Anger over budget cuts dominates education forum
Frustration over school budget cuts bubbled over at an education forum at Newark High School on Monday night.
Moderated by State Rep. Paul Baumbach, the event brought together five people who all affect education in Newark but rarely share a stage: Delaware Secretary of Education Susan Bunting, State Sen. Dave Sokola, Christina Board President Elizabeth Paige, Christina Superintendent Richard Gregg and Newark Charter School Director Greg Meece.
Baumbach asked each panelist pre-selected questions that he said came from parents, students and other stakeholders. However, an hour into the event, many attendees began interrupting the speakers to express anger over budget cuts and their frustration that they weren’t provided a formal opportunity to voice their concerns during the event.
If the state legislature approves Gov. John Carney’s proposal at the end of June, Christina will lose approximately $6 million but will have a one-time chance to recoup up to $4 million by raising taxes without a referendum. However, due to the timing, Christina had to plan for the worst-case scenario and find ways to trim $6 million out of its budget by May 15, the district’s deadline to inform employees they are being laid off. The board ultimately cut 77 educator positions, in addition to other reductions in spending.
Several parents in attendance Monday decried that decision, adding that larger class sizes and a decrease in programs will harm students.
“We’re going to lose a whole generation,” one person yelled.
Paige said asking students to take part in the governor’s call for “shared sacrifice” is not fair, and it’s not possible to make deep cuts without hurting kids.
“We can always be more efficient, but for the governor to suggest that we can get efficient enough in the face of $6 million [in cuts] to not touch personnel or programs is disrespectful and disingenuous,” she said.
Sokola noted that four decades ago, he was a teacher and was laid off during a round of budget cuts.
“I understand what people are going through and I’m willing to stick my neck out,” he said. “I stand ready to fight on your be- half. It’s going to be a long haul.”
Baumbach encouraged people to contact Carney and state legislators to urge them to find alternative ways of solving the state’s budget crisis.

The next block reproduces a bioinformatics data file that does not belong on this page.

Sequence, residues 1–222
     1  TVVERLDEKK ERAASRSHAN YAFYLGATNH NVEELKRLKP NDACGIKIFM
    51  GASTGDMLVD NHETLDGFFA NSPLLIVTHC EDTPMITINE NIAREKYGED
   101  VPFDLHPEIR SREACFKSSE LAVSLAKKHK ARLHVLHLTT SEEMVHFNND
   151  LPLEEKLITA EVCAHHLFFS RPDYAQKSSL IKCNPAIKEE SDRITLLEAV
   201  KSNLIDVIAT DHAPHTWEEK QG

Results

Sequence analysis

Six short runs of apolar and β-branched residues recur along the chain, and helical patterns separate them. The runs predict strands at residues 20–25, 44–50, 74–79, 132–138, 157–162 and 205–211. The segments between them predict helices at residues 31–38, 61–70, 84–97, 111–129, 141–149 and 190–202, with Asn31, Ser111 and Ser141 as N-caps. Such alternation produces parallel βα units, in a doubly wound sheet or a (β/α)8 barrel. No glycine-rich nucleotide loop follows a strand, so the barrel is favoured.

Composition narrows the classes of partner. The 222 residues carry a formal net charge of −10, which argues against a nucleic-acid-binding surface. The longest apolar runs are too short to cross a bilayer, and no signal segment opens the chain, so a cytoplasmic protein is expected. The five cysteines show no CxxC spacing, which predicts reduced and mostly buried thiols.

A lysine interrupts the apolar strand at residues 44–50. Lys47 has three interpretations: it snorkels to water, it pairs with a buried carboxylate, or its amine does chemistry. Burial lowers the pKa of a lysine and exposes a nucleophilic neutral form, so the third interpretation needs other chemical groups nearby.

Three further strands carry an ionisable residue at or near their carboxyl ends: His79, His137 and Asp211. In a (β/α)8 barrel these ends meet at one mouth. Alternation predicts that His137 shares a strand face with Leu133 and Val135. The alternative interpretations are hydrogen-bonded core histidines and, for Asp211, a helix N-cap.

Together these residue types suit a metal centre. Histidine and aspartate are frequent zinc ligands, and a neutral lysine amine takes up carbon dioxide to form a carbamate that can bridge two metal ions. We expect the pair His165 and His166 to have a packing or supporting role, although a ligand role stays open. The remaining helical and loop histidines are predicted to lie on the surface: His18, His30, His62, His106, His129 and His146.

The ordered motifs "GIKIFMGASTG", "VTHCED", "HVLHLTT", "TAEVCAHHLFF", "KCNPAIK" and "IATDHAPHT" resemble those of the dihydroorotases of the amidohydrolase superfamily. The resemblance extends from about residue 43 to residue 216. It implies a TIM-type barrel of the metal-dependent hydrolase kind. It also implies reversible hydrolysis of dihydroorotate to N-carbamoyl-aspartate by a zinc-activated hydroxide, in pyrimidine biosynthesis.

“Explain that your number one priority is education funding and explain you’re a single-issue voter,” he said.
Earlier in the meeting, the most passionate discussions revolved around the long-simmering conflict between Christina schools and charter schools, particularly Newark Charter.
“Many area residents have identified a divide that has evolved as a result of the establishment and expansion of Newark Charter School,” Baumbach said.
Charter schools are publicly funded but have more freedom than district schools and are often the target of criticism because they divert students and funding away from traditional public schools.
Both district and charter officials on the panel called for better collaboration between the two entities.
“We shouldn’t talk about competition because when people compete, somebody loses,” Paige said. “Charter schools and district schools should collaborate, but we should all do what’s best for the kids we have right now.”
Still, there are strong differences, as evidenced by a conversation between her and Meece at a dinner prior to the forum, she said.
“I said some things that he probably didn’t like at dinner, but we came away from the table with mutual respect,” Paige said. “He said some things that made the hairs on the back of my neck stand up, but we agreed that we could sit over a meal and have a conversation.”
The state legislature is considering a bill that would change the way charter schools admit students. Any student in the state can apply, but charter schools are allowed to apply certain preferences.
Newark Charter gives preference to those who live within a 5-mile radius of the school and then admission is granted by lottery. However, more people from within the radius apply than the school has room for, meaning other students don’t get a chance to compete for a seat.
The bill, which passed the house and is awaiting action in the senate, removes the 5-mile radius preference and instead allows charter schools to give preference to students who live in the district in which the school is located.
It exempts non-contiguous portions of a district, meaning students in Christina’s sliver of Wilmington would not get the preference. Opponents say that amounts to discrimination.
“I’m having a hard time not getting really angry over this,” Paige said. “I personally don’t think it’s fair.”
Meece defended the preference system.
“The problem is supply and demand,” he said, noting the school receives 3,200 applications for less than 200 seats each year. “Ninety percent of those who live in Newark and the surrounding community don’t get in, and many of them consider that unfair, too.”
He said the preference is no different than Christina’s school choice policy, which gives preference to students residing in a school’s feeder pattern.
Sokola, one of the bill’s sponsors, noted that Christina is the only district in the state that has non-contiguous portions.
“It seems absurd to impose a non-contiguous requirement on another entity just because it’s on Christina,” he said. “We should fix the problem in Christina.”
Gregg called for an end to all preferences in charter school admissions.
“It’s simple for me. I think there should be no restrictions on applications. They’re public schools,” he said. “Throw them in the lottery and let’s see who gets pulled out.”
Greg Meece, Susan Bunting, David Sokola, Elizabeth Paige and Richard Gregg participate in an education forum at Newark High School on Monday.